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Edward L. Pierce, Memoir and letters of Charles Sumner: volume 2 6 0 Browse Search
Edward L. Pierce, Memoir and letters of Charles Sumner: volume 3 4 0 Browse Search
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Browsing named entities in Edward L. Pierce, Memoir and letters of Charles Sumner: volume 2. You can also browse the collection for Thomas Falconer or search for Thomas Falconer in all documents.

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Edward L. Pierce, Memoir and letters of Charles Sumner: volume 2, Chapter 17: London again.—characters of judges.—Oxford.—Cambridge— November and December, 1838.—Age, 27. (search)
or Westminster. place, about six miles from town. I breakfasted with Roebuck, and then with him went to the member for Westminster. There were only Leader, Trelawney, Captain E. J. Trelawney.—author of Adventures of a Younger Son,— Roebuck, Falconer,—late editor of the Westminster Review,—and myself. We talked till midnight, meeting early at breakfast the next morning; and I did not leave Leader's till it was time for me to go to town to dress for dinner at Sir Robert Inglis's,—thus passinent, 1835-1849; was Governor of Hong Kong, 1854-57; and became editor of the Westminster Review by the nomination of Bentham, but against the judgment of James Mill. Autobiography of John Stuart Mill, p. 91. (just returned from Egypt), Roebuck, Falconer, and myself. I was nearly dead with a cold, but I could not be insensible to the bold, searching conversation and the interesting discussions of the characters of public men and events. Brougham said last week to Roebuck: They say there wil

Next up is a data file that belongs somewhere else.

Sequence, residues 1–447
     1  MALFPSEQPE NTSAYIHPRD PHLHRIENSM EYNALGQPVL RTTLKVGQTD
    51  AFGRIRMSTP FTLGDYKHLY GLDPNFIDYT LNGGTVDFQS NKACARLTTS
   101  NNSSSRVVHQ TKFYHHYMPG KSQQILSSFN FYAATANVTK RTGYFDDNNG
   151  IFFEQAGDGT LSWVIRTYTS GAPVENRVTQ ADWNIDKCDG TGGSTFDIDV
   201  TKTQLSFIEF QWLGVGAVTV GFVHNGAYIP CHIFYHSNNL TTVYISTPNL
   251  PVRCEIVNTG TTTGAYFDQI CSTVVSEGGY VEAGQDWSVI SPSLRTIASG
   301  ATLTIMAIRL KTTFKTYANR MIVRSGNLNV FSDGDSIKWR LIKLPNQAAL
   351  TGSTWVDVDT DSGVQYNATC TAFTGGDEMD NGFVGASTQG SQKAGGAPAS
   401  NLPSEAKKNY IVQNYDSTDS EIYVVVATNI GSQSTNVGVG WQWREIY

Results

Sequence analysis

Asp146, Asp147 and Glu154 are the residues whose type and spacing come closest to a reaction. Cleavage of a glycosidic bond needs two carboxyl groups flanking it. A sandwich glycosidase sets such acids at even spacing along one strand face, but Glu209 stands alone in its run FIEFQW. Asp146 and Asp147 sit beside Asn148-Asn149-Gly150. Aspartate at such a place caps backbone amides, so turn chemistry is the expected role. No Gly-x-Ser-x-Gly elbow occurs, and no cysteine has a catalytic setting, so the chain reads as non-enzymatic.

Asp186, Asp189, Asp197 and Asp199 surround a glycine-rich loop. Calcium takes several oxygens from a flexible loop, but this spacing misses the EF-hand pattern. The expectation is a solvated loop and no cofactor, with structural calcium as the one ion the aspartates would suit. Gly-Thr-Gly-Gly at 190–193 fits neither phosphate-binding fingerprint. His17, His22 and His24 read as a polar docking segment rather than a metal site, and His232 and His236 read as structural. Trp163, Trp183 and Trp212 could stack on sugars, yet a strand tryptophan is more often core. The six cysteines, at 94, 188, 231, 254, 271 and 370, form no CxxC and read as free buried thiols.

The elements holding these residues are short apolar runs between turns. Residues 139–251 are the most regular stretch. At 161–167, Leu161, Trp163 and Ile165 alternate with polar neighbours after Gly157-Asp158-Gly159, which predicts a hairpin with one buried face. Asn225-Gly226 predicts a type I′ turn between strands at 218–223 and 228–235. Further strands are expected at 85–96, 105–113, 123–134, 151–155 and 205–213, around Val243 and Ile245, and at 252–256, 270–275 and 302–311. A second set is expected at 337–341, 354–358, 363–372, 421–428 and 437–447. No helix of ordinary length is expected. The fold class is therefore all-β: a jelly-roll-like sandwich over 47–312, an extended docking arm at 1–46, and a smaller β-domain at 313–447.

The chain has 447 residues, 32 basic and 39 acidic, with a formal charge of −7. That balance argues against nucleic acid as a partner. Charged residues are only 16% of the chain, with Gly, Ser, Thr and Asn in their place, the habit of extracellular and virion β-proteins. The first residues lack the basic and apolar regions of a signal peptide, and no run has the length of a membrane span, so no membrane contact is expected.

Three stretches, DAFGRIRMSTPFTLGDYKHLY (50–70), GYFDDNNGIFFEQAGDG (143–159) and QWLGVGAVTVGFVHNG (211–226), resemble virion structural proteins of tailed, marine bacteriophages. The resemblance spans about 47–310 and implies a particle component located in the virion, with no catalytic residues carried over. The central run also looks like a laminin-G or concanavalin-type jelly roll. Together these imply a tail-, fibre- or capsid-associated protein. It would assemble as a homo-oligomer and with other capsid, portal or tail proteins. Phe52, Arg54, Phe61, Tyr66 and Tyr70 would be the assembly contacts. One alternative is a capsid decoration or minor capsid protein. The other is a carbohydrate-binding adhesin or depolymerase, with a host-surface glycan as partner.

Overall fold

Edward L. Pierce, Memoir and letters of Charles Sumner: volume 2, Chapter 23: return to his profession.—1840-41.—Age, 29-30. (search)
, and of public affairs; Kenyon, of society and literary men. Morpeth, who was disinclined to letter-writing, wrote to him from time to time,—always with much affection. Occasional letters came from Sir Charles R. Vaughan; H. Bellenden Ker; Henry Reeve; Abraham Hayward; Alexander Cochrane; Thomas Brown; Mrs. Anne B. Montagu; Edward Rushton, of Liverpool; Edward Dowling, Mr. Dowling went in 1840 to Canada, as legal adviser of the Governor-General, and died there in 1844. and others. Thomas Falconer, who visited Texas, and published a book on the Discovery of the Mississippi, wrote frequently while travelling, and while at home at Putney Hall. From Mittermaier, Foelix, and Julius, he also received tidings, —particularly from Mittermaier, who wrote in German. Fay kept him informed of society in Berlin, and of German politics. J. Randolph Clay wrote from Vienna of affairs in Eastern Europe. His brother George wrote of the public men and politics of France and other countries whic